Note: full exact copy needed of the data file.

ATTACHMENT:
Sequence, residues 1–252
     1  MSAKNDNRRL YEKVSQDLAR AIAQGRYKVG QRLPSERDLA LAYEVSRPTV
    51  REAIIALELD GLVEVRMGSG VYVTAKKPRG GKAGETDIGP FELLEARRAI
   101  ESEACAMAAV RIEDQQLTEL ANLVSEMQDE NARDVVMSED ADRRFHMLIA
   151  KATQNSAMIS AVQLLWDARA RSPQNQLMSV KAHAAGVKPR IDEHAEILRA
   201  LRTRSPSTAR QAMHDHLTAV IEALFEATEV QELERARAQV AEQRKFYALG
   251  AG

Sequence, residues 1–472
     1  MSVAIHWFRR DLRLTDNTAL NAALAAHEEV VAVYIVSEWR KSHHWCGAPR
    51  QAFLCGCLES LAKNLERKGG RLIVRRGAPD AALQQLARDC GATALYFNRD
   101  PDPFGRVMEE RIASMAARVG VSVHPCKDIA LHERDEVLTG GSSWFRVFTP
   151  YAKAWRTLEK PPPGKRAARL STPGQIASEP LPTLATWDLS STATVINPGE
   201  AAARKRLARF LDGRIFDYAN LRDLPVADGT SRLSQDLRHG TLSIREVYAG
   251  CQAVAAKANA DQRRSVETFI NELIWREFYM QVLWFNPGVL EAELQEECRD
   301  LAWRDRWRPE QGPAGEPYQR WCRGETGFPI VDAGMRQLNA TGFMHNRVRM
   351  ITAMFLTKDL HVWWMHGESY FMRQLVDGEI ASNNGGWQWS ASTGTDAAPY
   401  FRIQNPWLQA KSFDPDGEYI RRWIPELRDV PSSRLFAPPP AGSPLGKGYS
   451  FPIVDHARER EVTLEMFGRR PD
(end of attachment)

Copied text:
Sequence, residues 1–252
     1  MSAKNDNRRL YEKVSQDLAR AIAQGRYKVG QRLPSERDLA LAYEVSRPTV
    51  REAIIALELD GLVEVRMGSG VYVTAKKPRG GKAGETDIGP FELLEARRAI
   101  ESEACAMAAV RIEDQQLTEL ANLVSEMQDE NARDVVMSED ADRRFHMLIA
   151  KATQNSAMIS AVQLLWDARA RSPQNQLMSV KAHAAGVKPR IDEHAEILRA
   201  LRTRSPSTAR QAMHDHLTAV IEALFEATEV QELERARAQV AEQRKFYALG
   251  AG

Sequence, residues 1–472
     1  MSVAIHWFRR DLRLTDNTAL NAALAAHEEV VAVYIVSEWR KSHHWCGAPR
    51  QAFLCGCLES LAKNLERKGG RLIVRRGAPD AALQQLARDC GATALYFNRD
   101  PDPFGRVMEE RIASMAARVG VSVHPCKDIA LHERDEVLTG GSSWFRVFTP
   151  YAKAWRTLEK PPPGKRAARL STPGQIASEP LPTLATWDLS STATVINPGE
   201  AAARKRLARF LDGRIFDYAN LRDLPVADGT SRLSQDLRHG TLSIREVYAG
   251  CQAVAAKANA DQRRSVETFI NELIWREFYM QVLWFNPGVL EAELQEECRD
   301  LAWRDRWRPE QGPAGEPYQR WCRGETGFPI VDAGMRQLNA TGFMHNRVRM
   351  ITAMFLTKDL HVWWMHGESY FMRQLVDGEI ASNNGGWQWS ASTGTDAAPY
   401  FRIQNPWLQA KSFDPDGEYI RRWIPELRDV PSSRLFAPPP AGSPLGKGYS
   451  FPIVDHARER EVTLEMFGRR PD